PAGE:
|jQuery 3 - Creating & Modifying The DOM|
|Written by Ian Elliot|
|Monday, 31 October 2016|
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jQuery provides you with methods for working with the DOM in ways powerful enough to allow you to create complete pages or custom controls that extend what you can incorporate into an HTML page. You aren't just limited to changing what is already there, you can create it from scratch.
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When you first start working with jQuery there is a tendency to focus on the selector. Writing a selector that picks out the exact elements in the page that you are looking for can be a challenge. However, you really shouldn't get too bogged down in the details.
You can use jQuery to find elements and then modify them, but in many cases it is as useful, and probably more useful, to use jQuery to create elements for you. Think of HTML as a markup language for jQuery and always remember that you don't actually have to use it.
For example, it is easy to write a function that will dynamically create a table, complete with data, if this is what is required. You can also use the same techniques to build custom controls using nothing but the basic DOM elements.
We have two tasks to examine. The first is how do you create a DOM object and the second is how do you modify the existing DOM by inserting, replacing and delete DOM objects?
Making DOM Objects
jQuery makes it trivial to create a DOM object, wrapped as a jQuery object.
All you have to do is use the global jQuery function. For example, to create a div you simply use:
Notice that you do need to include the full tag including "<>". The command $("div") is a selector that returns a jQuery object containing an array of all of the div elements in the page.
The rule is that if you make the call $(string) then, if the string parses to valid HTML, the elements it contains are created as a DOM sub-tree - more of this later. If the string isn't valid HTML, then jQuery attempts to interpret it as a selector and to return the corresponding elements as an array in a jQuery object.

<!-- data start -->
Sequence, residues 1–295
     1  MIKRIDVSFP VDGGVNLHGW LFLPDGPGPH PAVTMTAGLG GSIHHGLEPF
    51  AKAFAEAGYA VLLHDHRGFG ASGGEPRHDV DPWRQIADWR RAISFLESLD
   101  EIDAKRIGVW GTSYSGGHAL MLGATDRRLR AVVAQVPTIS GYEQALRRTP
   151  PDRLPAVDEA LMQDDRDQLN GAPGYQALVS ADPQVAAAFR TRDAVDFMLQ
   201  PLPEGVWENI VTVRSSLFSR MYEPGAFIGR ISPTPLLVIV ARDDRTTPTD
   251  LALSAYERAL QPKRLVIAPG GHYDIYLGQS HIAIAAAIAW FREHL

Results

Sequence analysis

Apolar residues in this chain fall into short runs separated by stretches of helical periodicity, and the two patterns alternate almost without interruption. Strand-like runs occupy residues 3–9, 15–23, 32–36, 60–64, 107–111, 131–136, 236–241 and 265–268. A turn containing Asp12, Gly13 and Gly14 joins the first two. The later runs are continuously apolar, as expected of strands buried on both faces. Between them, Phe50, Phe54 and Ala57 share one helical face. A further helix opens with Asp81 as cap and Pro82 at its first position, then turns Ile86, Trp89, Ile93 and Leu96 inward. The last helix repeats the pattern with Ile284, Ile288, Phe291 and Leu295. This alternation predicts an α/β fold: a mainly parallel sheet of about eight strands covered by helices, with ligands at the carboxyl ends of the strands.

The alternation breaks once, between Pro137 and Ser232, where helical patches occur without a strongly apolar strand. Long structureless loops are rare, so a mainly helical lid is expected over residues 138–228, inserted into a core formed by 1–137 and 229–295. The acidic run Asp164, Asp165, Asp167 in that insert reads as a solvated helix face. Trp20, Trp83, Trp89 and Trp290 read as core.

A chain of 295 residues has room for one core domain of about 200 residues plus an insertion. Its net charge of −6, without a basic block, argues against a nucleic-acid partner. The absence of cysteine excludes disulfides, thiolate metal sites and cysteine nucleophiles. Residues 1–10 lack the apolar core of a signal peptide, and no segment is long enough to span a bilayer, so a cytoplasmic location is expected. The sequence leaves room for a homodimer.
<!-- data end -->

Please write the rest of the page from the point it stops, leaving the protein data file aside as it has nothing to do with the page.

This is very convenient but notice that it is something that can create hard to find errors if you don't keep in mind the difference between $("p") and $("<p>")
You also need to notice that to create a single DOM object you don't need a closing tag to make the HTML valid. That is, you don't have to use:
It works but the closing tag is unnecessary.
The final thing to notice is that the object that is created is a jQuery object containing an array of DOM element objects, even when only one DOM object has been created.
is a DOM element object and not a jQuery object.
When you are creating a single HTML element object the closing tag doesn't matter, but when you are working with multiple objects it becomes vital.
If you specify more than one HTML tag then how you specify the closing tag determines how the objects are nested.
If you just write one tag after another without specifying any closing tags then each object is created as a child of the one before.
creates a single object which corresponds to the sub-tree:
You can create other arrangements of sub-tree by explicitly including the closing tags.
creates an array of three DOM objects. For example:
is an object corresponding to he first div.
The rule is that the valid HTML is parsed to create a single object for each element at the top level with other objects nested within it as the markup dictates.
Inserting New Elements
Now that we can create new DOM structures we need to find ways to insert this into the existing DOM. There are three distinct possibilities:
Let's take a look at how jQuery achieves each of these actions.
Adding to the DOM As A Child Element
At the moment we are creating jQuery DOM objects and even DOM sub-trees, but so far we haven't added them to the page's DOM. What this means is that the new elements don't actually appear on the page and, as a general pattern, it is worth building the DOM sub-tree of elements you need and then add it to the DOM in one operation.
Of course, where you add it to the page's DOM controls where the new element will appear. As the DOM forms a tree structure of elements, what you have to do is use jQuery to select a particular node in the tree and then use the append or appendTo methods to add the new sub-tree of elements.
The only difference between the two methods is the order.
The append method:
will append element2 as the last child of element1 and return element1.
The appendTo method:
appends element1 as the last child of element2 and returns element1.
appends divObj as the last child of the body element and
does the same thing.
Which you use is a matter of choice, but notice that append makes it easy to chain methods that modify the object being appended to.
appends divObj1 and then divObj2 to the body element .
By contrast the appendTo method makes it easy to chain methods that work on the object being appended.
appends the divObj to the body element and sets the divObj's id to myDiv.
As well as append and appendTo there is also prepend and prependTo which work in the same way but add the new element as the first child.
As a short cut you can also use append/prepend with a string of valid HTML which creates first creates the DOM subtree and then adds it. So, for example:
adds a new div object to be the last child of the body element.
You can also add a raw DOM element object using append/prepend without having to wrap it in a jQuery object first.
For example after.
divObj is a raw DOM element object and you might think that you need to use:
but you can use:
|Last Updated ( Wednesday, 30 November 2016 )|